I've realized this past week that one must actually be a shepherd to understand these anxieties. About three weeks ago, I checked in with a homeowner in the area where we're grazing about the availability of a 15+ acre field that we wanted to graze on our way to other properties. This landowner has been coordinating with his neighbors, and the field was critical to our plans. With the dry weather we had in January, we needed to give our previously grazed pastures enough rest before grazing them again. Even with the December rains, we only have about 50 percent of the grass we'd expect at this time of year. The 10-15 days that this new field would support our sheep became a vital part of our grazing plans during lambing. Through a miscommunication between neighbors, it turns out that this field was not available. Had we known this three weeks ago, we might have hauled the sheep to another property; now that we're lambing, we don't want to put the ewes and lambs on a trailer (another worry). The homeowner suggested that we simply skip around the neighborhood to lots with more forage - also difficult to do with ewes and young lambs. In our pasture lambing system, long moves can often disrupt the bonding process between lambs and ewes. And so I worry.
When I went out to check the flock on Monday evening, I encountered a neighbor dog I didn't recognize. He desperately wanted to get inside the fence. Fortunately, my guard dogs were all over the situation. I later figured out that he belonged to a neighbor several properties away. When the neighbor's young daughter came to retrieve the dog, I made sure that she understood what would happen if the dog came back (or worse, if I had dead sheep). Neither she nor the homeowner where we had the sheep seemed to realize the extent of my concern - surely a sweet pet dog wouldn't hurt sheep!
Now I'm worried about the weather. Over this weekend, the weather has turned colder (although we didn't get the rain that was predicted). The sheep can handle inclement weather fine, even during lambing - if I'm prepared. This weekend, our preparations meant that we moved the flock off the open hillside where they'd been grazing (and where there was still more grass) into a wooded pasture that offers shelter from the wind and rain. I moved the ewes that hadn't lambed first, along with the ewes that had older lambs. The newest "pairs" followed along more slowly, and in some cases I carried the lambs while their mothers followed behind. A move that would normally take five minutes took more than an hour. And I always worry about lambs getting mixed up when we move; I remained with the sheep until I was certain that every lamb was with its mother. I find that non-shepherds don't understand the attention to detail and planning necessary for raising sheep. As Ivan Doig writes, "To be successful with sheep, even when you're not thinking about them, you'd better think about them a little."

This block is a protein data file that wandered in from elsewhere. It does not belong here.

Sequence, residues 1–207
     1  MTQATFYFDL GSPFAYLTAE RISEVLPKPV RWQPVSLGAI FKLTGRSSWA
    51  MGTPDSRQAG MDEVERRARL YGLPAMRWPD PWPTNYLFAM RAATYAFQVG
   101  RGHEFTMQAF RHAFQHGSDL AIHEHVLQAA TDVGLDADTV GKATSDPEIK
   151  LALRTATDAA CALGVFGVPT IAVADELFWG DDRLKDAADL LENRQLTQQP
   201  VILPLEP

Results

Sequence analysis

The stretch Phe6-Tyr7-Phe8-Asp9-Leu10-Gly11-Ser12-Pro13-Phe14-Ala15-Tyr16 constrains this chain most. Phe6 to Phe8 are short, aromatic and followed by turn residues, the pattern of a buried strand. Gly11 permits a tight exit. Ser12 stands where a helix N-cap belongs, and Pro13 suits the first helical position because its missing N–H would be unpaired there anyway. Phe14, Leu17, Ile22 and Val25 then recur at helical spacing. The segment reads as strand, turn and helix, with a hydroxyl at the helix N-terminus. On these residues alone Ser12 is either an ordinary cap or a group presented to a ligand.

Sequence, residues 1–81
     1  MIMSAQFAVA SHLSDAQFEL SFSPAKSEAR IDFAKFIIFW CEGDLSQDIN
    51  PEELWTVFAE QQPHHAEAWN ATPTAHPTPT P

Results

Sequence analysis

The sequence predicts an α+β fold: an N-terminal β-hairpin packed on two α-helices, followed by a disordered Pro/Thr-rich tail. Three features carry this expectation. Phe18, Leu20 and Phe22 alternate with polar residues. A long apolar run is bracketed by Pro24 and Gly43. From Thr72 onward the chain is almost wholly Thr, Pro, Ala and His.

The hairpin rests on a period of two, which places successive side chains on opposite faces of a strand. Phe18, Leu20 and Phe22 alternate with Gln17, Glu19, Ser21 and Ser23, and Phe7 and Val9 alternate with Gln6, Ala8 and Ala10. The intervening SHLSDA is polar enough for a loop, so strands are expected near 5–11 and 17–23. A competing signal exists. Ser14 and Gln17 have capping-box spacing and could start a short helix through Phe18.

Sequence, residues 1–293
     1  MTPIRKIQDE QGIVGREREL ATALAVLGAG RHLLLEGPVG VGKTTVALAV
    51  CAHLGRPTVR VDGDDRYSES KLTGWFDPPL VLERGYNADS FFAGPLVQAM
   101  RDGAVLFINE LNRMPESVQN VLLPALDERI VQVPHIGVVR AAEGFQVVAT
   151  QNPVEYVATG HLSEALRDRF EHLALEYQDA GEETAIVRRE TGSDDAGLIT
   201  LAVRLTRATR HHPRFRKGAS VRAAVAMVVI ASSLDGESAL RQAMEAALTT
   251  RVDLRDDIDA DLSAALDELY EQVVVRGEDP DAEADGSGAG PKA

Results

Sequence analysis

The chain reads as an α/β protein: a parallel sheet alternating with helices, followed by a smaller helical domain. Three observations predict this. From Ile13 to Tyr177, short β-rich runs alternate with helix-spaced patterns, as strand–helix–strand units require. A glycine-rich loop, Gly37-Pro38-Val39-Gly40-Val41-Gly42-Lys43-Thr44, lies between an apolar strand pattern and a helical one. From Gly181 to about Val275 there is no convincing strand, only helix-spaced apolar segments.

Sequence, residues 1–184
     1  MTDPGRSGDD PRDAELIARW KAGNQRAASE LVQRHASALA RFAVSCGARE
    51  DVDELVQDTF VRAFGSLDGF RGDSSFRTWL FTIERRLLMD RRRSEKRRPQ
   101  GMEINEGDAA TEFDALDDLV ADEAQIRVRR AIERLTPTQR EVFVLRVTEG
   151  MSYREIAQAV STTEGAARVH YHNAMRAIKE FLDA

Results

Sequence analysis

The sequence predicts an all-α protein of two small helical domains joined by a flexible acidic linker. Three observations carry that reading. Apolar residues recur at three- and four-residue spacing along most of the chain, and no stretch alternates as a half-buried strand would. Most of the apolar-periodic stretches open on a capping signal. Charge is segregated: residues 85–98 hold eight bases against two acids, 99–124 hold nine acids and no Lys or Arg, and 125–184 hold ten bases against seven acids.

As frustrating as the lack of understanding of non-shepherds can be, I've also been comforted by the understanding and friendship my fellow shepherds (and stock people). I was at a meeting on Thursday from which I needed to depart early to get back and check the sheep. There were several other shepherds at the meeting, each of whom was entirely understanding. Today, I postponed a trip to look at some ewe lambs we might purchase because I was worried about the weather. Again, the rancher I was planning to visit understood my desire to put off the trip for another week.
All stock people, I think, understand this sense of worry. We cope with uncertain markets, unreliable weather, and all sorts of other challenges (man-made and natural) because we love what we do. Those of us who are good at it (and those of us, like me, who are striving to become good at it) will always worry. I guess worry is part of being a shepherd!